One event was a press welcome dinner for the Pinot Fest at the Ranch House. It was an intimate and low-key event, and once everyone had eaten, we were all lounging on the veranda. Milla decided to open a flight of library sparkling wines from her collection, and we were enjoying some beautiful wines, including my favorite, her brut rose’, which is only produced in years where the grapes are perfect. It was a warm evening, and we were all enjoying the wine and conversation. We realized it was getting late, and I went to grab my bag and my keys to head back to the coast. Milla intercepted me at the door, and with her best motherly tone of voice, demanded my car keys. I was standing with Ziggy Eschliman, and we both started giggling. Milla wagged her finger, and told me she was absolutely serious, and that I was not going to drive back to the coast. Ziggy was staying in the upstairs suite over the winery, and Milla told her to make me up a bed on the floor. We headed upstairs laughing like a couple of teenagers, with a half-finished bottle of brut rose’ in hand. It was like a slumber party, and we sat up talking late into the night.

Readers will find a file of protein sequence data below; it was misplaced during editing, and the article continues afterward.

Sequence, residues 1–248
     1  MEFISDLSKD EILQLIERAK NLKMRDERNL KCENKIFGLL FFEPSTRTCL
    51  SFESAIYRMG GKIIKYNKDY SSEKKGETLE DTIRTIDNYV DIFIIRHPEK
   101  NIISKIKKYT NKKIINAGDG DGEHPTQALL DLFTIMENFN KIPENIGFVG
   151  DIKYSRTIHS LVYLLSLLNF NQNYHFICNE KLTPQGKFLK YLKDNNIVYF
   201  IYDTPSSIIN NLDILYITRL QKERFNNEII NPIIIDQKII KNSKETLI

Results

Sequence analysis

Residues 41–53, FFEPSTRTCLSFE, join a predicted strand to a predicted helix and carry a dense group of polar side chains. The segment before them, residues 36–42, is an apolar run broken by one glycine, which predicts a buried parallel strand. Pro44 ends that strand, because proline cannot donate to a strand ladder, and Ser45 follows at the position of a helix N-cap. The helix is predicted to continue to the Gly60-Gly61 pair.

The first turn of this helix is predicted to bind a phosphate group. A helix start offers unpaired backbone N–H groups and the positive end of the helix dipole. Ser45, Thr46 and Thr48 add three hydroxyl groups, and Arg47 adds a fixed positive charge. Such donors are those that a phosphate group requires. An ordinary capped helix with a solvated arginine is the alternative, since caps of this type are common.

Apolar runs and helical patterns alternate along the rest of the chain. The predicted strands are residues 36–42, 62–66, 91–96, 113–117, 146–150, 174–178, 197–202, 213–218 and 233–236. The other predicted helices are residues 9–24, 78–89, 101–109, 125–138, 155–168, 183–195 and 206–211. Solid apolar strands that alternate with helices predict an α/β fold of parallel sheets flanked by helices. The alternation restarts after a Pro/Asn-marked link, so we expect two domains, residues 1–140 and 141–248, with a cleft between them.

I do not think I have ever had a client take away my car keys, before or after. Milla had a huge heart, and in some ways, we were all her kids.
I have that memory of a Pinot Noir Festival dinner that happened at Handley Cellars.
I was always doing one dinner at Roederer Estate but that year we had teamed up to do the usual coop dinner at Handley with Milla. The winemakers take turn to talk about their wines and answer questions that guests may have.
Milla as the host started to introduce the event and her first wine, and then had so many things to say and was jumping from one topic to the next, that it became clear I was going to have a hard time to be able to say something.
Needless to say, Milla’s energy and passion kept her talking for a while. She was not trying to keep me from talking … it was just that she had so many stories and things to say! I finally could get my turn, but much later that evening!
Milla was a very good and smart person. She had a determination that drove her to do what she needed to do to succeed. She did it beautifully. We had many good times together, at events, dinners, wine tastings or just visiting. I miss her and am so glad that her legacy will be carried on by her family. My thoughts are with them at this time.